As landlords and tenants procrastinate, rents for class-A buildings have not fallen as steeply as many expected. At the end of Q2 2021, class-A rents were down just 10.8% from the peak, while overall rents had only retreated 12.6%, according to Cushman & Wakefield. There is little visibility yet on when rents will bottom out.
Although landlords tend to prefer longer leases, it is not desirable to lock in leases at a low point. “Tenants’ and owners’ interests may be aligned in wanting shorter leases that don’t require an upfront capital investment,” Menifee says.
Yasukochi says: “In 2021, tenants can get shorter lease periods.” They might have already built out the space, so may not need to spend so much capital to move into it. For example, if a sublease has just three years left to run, they may only want it for a shorter time.
Gregg Walker, head of business development at DivcoWest, says: “Before COVID-19, it was more of a landlord’s market.” His own company’s tenants have been paying rent throughout the pandemic, but have yet to bring all employees back to work. Tenants today have more options than they did before COVID-19, and as a result can command better deals.
Walker cites some types of typical concessions: reduced rent, tenant improvement dollars and shorter leases. The larger deals are still more likely to be longer-term – say, eight to 12 years – because companies are making a significant investment. The shorter leases, which might have initially been for about five or seven years, are being reduced to three to five years.
The tenant roster is composed of a clutch of Bay area industries, ranging from technology and venture capital to life sciences, financial services, real estate, and legal. Technology leads the pack. The larger firms in the sector have enjoyed so much success since 2020, in terms of both revenues and hiring, that new hires make up much of what has been lost to remote work. Google, Apple, and Facebook all continue to invest in large headquarters designed to keep people close together.
Walker believes that, “if those companies return to working in-house, their example will lead a lot of others to utilise offices again as a place to collaborate and be more productive”. Venture capital spending experienced a record year in 2020, with over $25bn (€21bn) concentrated in Silicon Valley and the Bay area, according to Pitchbook data. “Those numbers will be surpassed in 2021, and San Francisco is the number one beneficiary,” says Walker.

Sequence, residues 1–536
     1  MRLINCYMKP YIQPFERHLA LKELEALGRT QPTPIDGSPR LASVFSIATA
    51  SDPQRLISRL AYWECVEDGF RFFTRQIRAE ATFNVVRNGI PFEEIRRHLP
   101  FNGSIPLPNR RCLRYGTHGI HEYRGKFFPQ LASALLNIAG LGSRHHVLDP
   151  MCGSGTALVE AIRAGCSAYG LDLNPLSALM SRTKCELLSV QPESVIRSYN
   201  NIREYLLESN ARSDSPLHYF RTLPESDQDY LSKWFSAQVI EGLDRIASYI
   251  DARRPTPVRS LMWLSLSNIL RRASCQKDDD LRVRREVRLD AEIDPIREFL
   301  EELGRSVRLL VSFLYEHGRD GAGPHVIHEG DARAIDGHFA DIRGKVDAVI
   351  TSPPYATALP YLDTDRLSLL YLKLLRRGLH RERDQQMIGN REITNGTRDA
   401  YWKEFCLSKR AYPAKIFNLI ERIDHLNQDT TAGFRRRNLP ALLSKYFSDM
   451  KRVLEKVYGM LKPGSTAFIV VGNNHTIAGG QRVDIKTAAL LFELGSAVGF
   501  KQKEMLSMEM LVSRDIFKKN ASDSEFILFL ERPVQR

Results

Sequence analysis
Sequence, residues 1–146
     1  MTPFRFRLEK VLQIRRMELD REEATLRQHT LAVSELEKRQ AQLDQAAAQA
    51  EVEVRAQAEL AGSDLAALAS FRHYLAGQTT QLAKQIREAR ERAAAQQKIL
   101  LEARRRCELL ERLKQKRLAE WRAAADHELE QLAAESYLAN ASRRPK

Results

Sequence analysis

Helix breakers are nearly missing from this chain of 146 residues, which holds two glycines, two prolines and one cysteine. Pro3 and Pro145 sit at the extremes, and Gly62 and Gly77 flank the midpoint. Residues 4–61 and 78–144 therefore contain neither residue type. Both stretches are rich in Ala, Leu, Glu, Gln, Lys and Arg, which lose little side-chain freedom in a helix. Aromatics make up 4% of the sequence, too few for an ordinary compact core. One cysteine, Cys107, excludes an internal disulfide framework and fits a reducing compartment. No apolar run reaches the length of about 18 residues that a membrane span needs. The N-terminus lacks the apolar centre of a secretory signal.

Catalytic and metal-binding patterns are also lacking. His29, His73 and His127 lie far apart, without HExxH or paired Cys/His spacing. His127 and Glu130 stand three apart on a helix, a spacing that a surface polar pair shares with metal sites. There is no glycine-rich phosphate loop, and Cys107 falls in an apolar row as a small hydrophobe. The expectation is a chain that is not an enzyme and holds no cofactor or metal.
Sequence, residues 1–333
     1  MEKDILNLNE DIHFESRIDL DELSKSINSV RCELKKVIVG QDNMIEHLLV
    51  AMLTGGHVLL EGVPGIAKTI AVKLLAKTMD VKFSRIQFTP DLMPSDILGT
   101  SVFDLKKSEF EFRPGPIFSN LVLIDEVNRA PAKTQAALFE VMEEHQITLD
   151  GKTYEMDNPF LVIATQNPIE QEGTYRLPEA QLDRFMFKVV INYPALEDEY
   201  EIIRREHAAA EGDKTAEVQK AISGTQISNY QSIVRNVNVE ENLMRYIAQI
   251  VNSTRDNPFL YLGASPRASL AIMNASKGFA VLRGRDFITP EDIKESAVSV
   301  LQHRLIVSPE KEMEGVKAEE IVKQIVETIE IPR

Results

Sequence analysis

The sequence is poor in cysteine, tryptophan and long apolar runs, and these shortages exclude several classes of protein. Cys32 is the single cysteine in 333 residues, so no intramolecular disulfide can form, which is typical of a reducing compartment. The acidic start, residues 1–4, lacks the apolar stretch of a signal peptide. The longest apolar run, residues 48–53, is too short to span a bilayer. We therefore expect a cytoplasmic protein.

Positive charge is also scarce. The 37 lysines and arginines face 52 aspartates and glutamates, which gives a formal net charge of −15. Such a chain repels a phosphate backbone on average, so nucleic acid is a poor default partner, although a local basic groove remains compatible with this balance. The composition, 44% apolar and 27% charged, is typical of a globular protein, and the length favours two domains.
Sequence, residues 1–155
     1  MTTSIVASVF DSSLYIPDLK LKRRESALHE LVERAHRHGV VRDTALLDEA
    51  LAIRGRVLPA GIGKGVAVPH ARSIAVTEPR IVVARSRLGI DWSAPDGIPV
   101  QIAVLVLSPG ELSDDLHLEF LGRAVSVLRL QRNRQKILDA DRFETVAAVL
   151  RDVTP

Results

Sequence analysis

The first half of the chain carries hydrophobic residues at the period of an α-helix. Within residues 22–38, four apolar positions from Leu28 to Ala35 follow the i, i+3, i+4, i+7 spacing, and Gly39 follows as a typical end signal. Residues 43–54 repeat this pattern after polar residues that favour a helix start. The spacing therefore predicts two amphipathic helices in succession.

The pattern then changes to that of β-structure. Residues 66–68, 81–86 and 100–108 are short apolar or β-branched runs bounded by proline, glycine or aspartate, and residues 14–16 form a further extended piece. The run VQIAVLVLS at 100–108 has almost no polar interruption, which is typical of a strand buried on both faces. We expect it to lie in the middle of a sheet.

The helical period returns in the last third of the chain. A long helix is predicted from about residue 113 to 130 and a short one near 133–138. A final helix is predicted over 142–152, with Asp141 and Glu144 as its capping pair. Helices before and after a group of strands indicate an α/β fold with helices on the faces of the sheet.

Treaster, too, has been hearing anecdotally about tours in 5,000-15,000sqft spaces, from newer companies in early funding rounds.
Although law firms continue to take space, they are tending to downsize. However, with buildout so expensive, they are signing longer leases. A trend remains intact from the last cycle, of moving to a more egalitarian model from the big corner office. Firms are economising with smaller attorneys’ offices, fewer big libraries and less administrative spaces. Yet they are not reducing headcount, so office space needs remain stable.
Financial services are also stable, and more likely to make employees return to the office. By a similar token, real estate brokerage firms are motivated to bring their workforces back, as a demonstration to other tenants that it is safe to return.
Another key submarket is life sciences, especially on the sales side. Occupiers on average use 40-60% as lab space, with the remainder allotted to offices. Other industries, like legal or human resources can adapt to work remotely, but scientists who are performing experiments must personally come in.
As offices evolve into more than places to work, they must meet a higher bar. That means becoming flexible, technology-enabled, amenitised, and collaborative. The Salesforce Tower, built by Hines and Boston Properties, exemplifies those traits. As the second-tallest building on the west coast, the landmark construction features 14ft ceilings and continuous glass to create a sense of daylight and openness, as well as the largest US onsite water-recycling system.
Tenants are seeking new product, state-of-the-art systems, outdoor decks and views, Wi-Fi-enabled balconies, smaller booths and meeting rooms. “They wanted those before, but coming out of the pandemic, the flight to quality matters more than ever. Employers want to bring employees back, after so many months, to a place that feels clean and light and new,” Walker explains. COVID-19 has accelerated the trends from a design perspective, and employees appreciate having various work spaces, rather than sitting at their desks all day.
DivcoWest is following the pattern. Its 199 Fremont site features an outdoor poetry/sculpture garden, and a childcare centre. Twenty minutes from downtown San Francisco, the company acquired the Sand Hill campus to harness outdoor workspaces, with miles of trails, shade trees, and bike paths; the firm installed cafes and a beer garden and organises yoga classes.
There is a catch. Menifee points out: “Space requirements for employees have been declining for 30 years, and we see no reason for that to reverse.” The amount of space per employee is shrinking, from 250sqft (or 200sqft for technology companies) to 150-175sqft. Less demand for office space is intersecting with modern wellness features. As for those employees who are anxious about physical proximity, some will not return.
The path towards investment sales will follow a predictable course. First, leasing will resume with rent flows. Then, the sublease space will likely be withdrawn, leading to stronger sales. Menifee is betting on stabilisation, rather than a bottom. “Office values have held up better than we expected,” he says. “We don’t know the pace of recovery or the timing but are comfortable that leasing activity can fill office space, albeit at pre-COVID levels.”
As buyers and sellers tread water, lenders too have become cautious by asking for higher spreads for office loans. That said, for investors with at least a five-year horizon, the shape is positive. As a recent example, Hines announced its purchase of the San Francisco headquarters of PG&E for $800m in May. It is looking into the future through current volatility, with a long-term plan to own and operate.
Coming out of COVID-19, market bifurcation will become starker. Falconer predicts that the “next-generation, quality, well-located buildings will be the winners”.